[mythtv-users] New house - any advise?

Bill Bill at explosivo.com
Tue Jan 16 18:43:24 UTC 2007

On Tue, 16 Jan 2007 13:12:39 -0500 (EST)
f-myth-users at media.mit.edu wrote:

>     Date: Tue, 16 Jan 2007 09:22:01 -0600
>     From: matthew.garman at gmail.com
>     Hopefully, someday I'll build my house from scratch.  When I do, I'm
>     going to run a ton of Cat 6 (or whatever the latest generation of
>     network cable is).  But, I'm going to put it all in *conduit*.  The
>     intent is to make it easy if I ever need to pull more wire.
> Run empty conduit, too.  And make sure you leave pullstrings in all of them.
> When a conduit gets moderately full, it becomes next to impossible to
> pull new cable through it due to friction and entanglement in what's
> already there, even if there would have been plenty of space had that
> one extra cable been run with all the others.  So you should plan to
> either have rather oversize conduit, or do as much pulling as possible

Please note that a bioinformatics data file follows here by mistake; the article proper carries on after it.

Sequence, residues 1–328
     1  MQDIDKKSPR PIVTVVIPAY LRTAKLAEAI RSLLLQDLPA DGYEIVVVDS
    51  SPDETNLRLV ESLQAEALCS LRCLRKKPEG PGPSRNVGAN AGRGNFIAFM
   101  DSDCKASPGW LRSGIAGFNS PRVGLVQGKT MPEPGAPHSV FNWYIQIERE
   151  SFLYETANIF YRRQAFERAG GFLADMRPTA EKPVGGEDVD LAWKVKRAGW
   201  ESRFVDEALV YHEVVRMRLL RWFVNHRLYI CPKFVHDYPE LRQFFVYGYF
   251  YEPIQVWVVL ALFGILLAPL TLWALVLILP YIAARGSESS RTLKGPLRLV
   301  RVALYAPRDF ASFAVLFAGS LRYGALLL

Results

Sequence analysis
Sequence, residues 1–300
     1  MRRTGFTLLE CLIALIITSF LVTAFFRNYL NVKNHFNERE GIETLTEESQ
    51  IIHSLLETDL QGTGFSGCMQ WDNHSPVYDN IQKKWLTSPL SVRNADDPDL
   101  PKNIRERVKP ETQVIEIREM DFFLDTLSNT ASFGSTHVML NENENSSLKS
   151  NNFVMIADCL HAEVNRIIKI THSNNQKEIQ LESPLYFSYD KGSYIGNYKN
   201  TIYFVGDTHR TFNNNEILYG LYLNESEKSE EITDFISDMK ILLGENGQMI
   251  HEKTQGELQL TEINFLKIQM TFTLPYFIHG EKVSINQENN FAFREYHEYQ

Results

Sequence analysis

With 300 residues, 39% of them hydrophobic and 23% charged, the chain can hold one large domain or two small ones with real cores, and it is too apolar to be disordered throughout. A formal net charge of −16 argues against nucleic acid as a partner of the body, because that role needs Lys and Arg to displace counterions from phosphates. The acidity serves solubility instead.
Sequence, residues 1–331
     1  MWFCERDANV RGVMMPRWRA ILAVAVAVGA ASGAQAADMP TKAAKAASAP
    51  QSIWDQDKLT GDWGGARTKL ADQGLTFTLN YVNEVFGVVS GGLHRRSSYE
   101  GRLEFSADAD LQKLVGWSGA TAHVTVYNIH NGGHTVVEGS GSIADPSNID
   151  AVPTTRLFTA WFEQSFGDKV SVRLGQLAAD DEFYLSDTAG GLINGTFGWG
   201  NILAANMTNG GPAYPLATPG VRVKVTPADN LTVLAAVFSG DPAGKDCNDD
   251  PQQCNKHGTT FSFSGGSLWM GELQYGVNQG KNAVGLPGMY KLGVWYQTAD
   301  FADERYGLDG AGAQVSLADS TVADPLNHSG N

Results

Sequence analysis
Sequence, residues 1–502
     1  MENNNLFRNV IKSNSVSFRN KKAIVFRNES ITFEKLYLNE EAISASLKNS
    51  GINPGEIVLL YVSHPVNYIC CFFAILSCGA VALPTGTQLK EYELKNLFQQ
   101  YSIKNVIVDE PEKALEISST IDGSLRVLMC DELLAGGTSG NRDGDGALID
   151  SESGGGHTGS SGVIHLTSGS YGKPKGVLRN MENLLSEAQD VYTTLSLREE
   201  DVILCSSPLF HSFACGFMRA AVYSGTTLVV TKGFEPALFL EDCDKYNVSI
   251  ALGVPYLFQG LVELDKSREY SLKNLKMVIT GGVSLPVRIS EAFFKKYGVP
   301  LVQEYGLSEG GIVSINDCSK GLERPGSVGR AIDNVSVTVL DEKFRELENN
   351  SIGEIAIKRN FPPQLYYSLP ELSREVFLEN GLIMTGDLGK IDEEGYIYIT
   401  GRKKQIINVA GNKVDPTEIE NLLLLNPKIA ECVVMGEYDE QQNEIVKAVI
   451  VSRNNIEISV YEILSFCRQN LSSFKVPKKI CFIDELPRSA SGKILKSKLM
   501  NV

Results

> in the same pull, or run empty conduit so you can repeat the pull 10
> years later.  (Given a pair, you could do all the pulling at once in
> #1, leaving #2 empty, and then, 10 years later, do all the pulling in
> #2.  10 years after -that-, you can pull everything out of #1 (which
> by now has 20-year-obsolete wiring in it) and pull a lot of fresh
> stuff in #1 again.  That way, you're always pulling in empty conduit,
> but you never have to rip out lots of active stuff to repull.)
> (Granted, if all your runs are very short (a couple of rooms, with few
> or no bends), you may not have as much of an issue with mostly-full
> conduit, but it can surely happen.  You can always take some junk
> cables, run them through a section, and then try to pull one more
> cable through the mess and see how it goes; that'll tell you right
> now whether you have a problem, rather than surprising you a few years
> from now when all the walls are all closed up.)

If want to work on the multiple runs up the conduit at once, I suggest getting more boxes of cable at smaller lengths.  We used 1000' spindles and were able to pull two at a time.  If we got 500' spindles we could have done 4 at a time.

You could always estimate and pre-cut and pull, but that generates more waste.

Also, when you attach things for a pull, take duct or electrical tape and smooth the first part of the connection, so it tapers up - any "sharp" edges will make it harder to pull.

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